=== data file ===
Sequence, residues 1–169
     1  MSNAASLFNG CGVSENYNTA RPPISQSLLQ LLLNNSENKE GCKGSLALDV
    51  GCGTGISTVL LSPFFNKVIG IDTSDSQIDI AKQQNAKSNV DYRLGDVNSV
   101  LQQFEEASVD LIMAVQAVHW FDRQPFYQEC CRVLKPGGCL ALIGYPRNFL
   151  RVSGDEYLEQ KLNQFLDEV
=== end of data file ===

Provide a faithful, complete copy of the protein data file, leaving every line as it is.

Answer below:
Sequence, residues 1–169
     1  MSNAASLFNG CGVSENYNTA RPPISQSLLQ LLLNNSENKE GCKGSLALDV
    51  GCGTGISTVL LSPFFNKVIG IDTSDSQIDI AKQQNAKSNV DYRLGDVNSV
   101  LQQFEEASVD LIMAVQAVHW FDRQPFYQEC CRVLKPGGCL ALIGYPRNFL
   151  RVSGDEYLEQ KLNQFLDEV